Elementary sentences containing the quantificational determiner some seem to be ambiguous between a 'weak' existential meaning ∃ and a 'strengthened' some but not all meaning ∃+. The strengthened meaning is commonly assumed to be the output of a general enrichment mechanism, call it G (for 'global'), that applies to the weak meaning of the sentence: G(∃) = ∃+. The application of G has been shown to come with a processing cost (e.g. Bott & Noveck 2004). We used a self-paced reading task together with offline comprehension questions to investigate the interpretation of sentences containing some when embedded inside a disjunction, a position that G cannot access. Our findings suggest (i) that the strengthened meaning ∃+ is available in embedded positions, suggesting that a mechanism of local strengthening L must be available: L(∃) = ∃+, (ii) that local enrichment can be facilitated by global pragmatic pressures (Chierchia et al. 2008; Mayr & Romoli 2014), (iii) that subjects can be quickly trained to systematically prefer one of G or L to the other, (iv) that application of L, like the application of G, comes with a processing cost. We highlight consequences of our findings for debates about the characterization of enrichment mechanisms, focusing on the relation between G and L.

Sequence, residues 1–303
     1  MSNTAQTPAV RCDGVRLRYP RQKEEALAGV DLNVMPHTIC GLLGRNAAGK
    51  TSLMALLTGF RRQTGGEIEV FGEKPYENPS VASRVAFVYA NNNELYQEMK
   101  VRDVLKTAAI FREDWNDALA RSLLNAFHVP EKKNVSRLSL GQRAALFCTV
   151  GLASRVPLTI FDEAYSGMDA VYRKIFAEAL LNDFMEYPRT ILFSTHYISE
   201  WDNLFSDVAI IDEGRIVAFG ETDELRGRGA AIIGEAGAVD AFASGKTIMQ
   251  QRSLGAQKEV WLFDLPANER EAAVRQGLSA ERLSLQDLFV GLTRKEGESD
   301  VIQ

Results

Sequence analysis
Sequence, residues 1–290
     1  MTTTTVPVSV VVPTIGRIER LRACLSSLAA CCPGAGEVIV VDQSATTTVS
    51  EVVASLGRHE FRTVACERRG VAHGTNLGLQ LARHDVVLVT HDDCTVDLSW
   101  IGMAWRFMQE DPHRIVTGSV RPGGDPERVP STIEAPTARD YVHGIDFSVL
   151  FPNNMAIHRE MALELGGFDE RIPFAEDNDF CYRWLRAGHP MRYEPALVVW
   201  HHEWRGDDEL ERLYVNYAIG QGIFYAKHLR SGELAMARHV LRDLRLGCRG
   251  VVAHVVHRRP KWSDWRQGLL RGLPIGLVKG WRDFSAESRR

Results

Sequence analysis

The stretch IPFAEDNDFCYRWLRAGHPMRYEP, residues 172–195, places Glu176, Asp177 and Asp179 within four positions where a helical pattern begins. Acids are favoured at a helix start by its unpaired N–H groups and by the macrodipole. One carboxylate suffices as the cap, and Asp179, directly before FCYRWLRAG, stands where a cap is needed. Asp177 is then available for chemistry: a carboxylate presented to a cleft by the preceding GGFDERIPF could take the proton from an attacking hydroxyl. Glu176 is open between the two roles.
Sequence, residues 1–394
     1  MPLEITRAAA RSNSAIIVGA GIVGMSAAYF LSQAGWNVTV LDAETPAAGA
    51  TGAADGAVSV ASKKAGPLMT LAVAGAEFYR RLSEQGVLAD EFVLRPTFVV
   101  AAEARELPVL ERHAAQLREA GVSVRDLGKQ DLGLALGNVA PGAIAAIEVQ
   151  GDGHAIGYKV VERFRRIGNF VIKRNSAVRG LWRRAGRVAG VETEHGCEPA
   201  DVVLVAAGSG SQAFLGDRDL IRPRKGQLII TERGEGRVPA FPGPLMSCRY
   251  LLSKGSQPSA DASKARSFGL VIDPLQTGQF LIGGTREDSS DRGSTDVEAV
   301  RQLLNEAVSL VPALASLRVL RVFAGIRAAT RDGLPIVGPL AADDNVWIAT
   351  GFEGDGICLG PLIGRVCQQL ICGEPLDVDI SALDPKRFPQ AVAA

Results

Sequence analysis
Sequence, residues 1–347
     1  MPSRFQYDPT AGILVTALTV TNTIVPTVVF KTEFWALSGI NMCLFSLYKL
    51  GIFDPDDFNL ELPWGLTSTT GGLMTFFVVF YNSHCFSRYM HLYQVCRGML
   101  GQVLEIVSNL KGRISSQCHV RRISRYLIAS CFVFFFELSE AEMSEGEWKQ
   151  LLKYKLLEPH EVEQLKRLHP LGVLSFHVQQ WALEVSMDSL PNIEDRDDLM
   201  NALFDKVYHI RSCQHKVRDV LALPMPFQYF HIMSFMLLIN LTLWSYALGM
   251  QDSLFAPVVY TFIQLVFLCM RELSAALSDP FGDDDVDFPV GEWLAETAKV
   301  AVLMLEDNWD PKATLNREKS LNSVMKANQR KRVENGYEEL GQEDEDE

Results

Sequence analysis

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Persistent URL dx.doi.org/10.1093/jos/ffw006
Journal Journal of Semantics
Chemla, E. (Emmanuel), Cummins, C. (Chris), & Singh, R. (2017). Training and timing local scalar enrichments under global pragmatic pressures. Journal of Semantics, 34(1), 107–126. doi:10.1093/jos/ffw006